Wildfires are raging across the western United States, burning up increasingly large swaths of land every year. While fire is a natural part of many ecosystems, the increasing presence of larger, faster, and hotter fires is a reminder of the rapidly changing environment. Begun after experiencing the devastation of a wildfire in my hometown, this work explores solastalgia, which describes emotional and existential distress caused by negative environmental change, generally experienced by people with lived experience closely related to the land. Lands integral to our identity, our livelihoods, and our wellbeing are shifting and changing without notice or control. The experience of a wildfire is all consuming. It crowds out your vision. The pillar of smoke is unmistakable as anything else. Our communities are facing collective traumas as we wait for news about the spread and containment, constantly refreshing web pages and data bases. Although these are localized examples of wildland fire and the trauma that follows, collectively the scale of these events is unfathomable. The day to day struggles of normal life continues on as fires rage outside our windows, setting our lives in a scene of gray oppression.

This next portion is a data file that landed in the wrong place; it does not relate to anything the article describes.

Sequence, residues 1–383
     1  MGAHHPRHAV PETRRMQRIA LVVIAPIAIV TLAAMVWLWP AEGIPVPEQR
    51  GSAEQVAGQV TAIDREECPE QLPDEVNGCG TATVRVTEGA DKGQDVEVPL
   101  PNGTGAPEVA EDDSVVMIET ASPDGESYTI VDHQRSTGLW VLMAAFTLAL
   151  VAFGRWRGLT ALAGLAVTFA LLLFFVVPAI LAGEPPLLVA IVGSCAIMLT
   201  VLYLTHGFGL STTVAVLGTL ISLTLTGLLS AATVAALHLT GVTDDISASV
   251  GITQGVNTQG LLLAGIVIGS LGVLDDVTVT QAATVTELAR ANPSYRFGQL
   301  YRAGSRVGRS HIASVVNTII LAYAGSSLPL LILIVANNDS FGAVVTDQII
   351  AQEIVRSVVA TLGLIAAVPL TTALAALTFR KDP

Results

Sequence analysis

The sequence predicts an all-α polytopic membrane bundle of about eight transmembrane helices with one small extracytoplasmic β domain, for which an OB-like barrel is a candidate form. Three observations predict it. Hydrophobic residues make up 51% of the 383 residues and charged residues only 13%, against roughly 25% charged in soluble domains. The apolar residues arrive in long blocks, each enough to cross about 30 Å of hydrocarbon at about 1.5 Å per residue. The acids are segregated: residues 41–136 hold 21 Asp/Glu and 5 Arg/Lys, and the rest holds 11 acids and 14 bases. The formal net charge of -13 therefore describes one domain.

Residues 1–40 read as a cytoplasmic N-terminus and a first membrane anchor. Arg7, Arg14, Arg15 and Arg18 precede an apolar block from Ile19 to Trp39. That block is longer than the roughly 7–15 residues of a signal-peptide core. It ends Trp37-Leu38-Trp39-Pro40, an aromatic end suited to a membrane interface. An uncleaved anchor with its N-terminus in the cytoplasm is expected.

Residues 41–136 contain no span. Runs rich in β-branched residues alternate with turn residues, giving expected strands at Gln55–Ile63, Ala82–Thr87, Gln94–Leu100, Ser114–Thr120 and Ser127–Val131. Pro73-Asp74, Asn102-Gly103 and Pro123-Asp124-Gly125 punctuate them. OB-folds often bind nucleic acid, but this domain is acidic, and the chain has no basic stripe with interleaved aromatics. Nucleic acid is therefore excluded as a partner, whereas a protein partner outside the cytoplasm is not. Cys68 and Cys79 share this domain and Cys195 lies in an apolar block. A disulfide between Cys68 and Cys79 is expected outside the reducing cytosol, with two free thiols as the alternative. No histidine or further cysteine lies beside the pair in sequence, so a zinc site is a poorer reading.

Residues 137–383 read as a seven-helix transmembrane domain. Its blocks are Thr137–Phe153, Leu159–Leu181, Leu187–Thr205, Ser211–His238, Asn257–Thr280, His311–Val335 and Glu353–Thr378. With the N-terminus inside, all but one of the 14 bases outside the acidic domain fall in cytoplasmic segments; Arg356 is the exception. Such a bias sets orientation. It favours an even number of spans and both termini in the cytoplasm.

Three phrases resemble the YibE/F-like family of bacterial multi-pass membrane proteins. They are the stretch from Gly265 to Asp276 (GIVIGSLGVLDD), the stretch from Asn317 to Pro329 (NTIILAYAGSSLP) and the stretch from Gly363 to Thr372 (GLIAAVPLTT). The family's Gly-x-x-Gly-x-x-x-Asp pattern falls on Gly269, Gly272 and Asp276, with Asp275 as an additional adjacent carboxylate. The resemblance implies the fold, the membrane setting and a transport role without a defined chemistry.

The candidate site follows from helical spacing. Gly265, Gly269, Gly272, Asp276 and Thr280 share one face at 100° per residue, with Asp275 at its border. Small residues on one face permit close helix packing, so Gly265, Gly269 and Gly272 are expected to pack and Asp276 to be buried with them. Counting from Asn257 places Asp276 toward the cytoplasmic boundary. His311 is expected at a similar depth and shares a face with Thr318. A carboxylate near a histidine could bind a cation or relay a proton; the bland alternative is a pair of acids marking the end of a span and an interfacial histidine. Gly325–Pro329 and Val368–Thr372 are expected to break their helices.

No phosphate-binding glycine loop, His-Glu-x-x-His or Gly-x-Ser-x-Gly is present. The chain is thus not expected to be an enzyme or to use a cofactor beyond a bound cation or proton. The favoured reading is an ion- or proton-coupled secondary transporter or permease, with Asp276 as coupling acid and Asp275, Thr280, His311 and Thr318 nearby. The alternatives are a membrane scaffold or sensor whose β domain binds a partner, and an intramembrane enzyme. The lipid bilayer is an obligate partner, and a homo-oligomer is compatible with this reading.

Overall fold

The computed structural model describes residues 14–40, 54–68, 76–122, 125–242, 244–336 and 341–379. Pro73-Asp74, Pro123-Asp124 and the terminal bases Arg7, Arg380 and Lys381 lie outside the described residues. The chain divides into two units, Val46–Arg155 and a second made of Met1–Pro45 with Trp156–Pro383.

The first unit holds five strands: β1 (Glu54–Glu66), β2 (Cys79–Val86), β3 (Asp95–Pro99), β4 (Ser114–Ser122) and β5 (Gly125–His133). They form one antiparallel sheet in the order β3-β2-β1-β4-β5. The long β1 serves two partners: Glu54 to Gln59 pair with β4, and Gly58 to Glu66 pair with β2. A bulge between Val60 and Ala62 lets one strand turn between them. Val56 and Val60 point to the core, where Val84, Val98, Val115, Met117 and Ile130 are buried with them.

Integrating photographs, moving images, and text, The Sun Sets Midafternoon examines the immediate aftermath of megafires on surrounding communities and what the experience of local fires are like, interweaving narratives of ecological devastation, collective trauma, and climate grief.
Please email firstname.lastname@example.org to view the complete body of work (78 images), or to inquire about print pricing and availability.
Print editions in 20" x 30" and 40" x 60"
10% of proceeds from print sales are donated to wildfire relief funds and/or climate change advocacy and policy funds. Previous examples include the Bridger Foothills Fire Relief Fund and the Bootleg Fire Relief Fund.
Installation | Text Samples | Video Still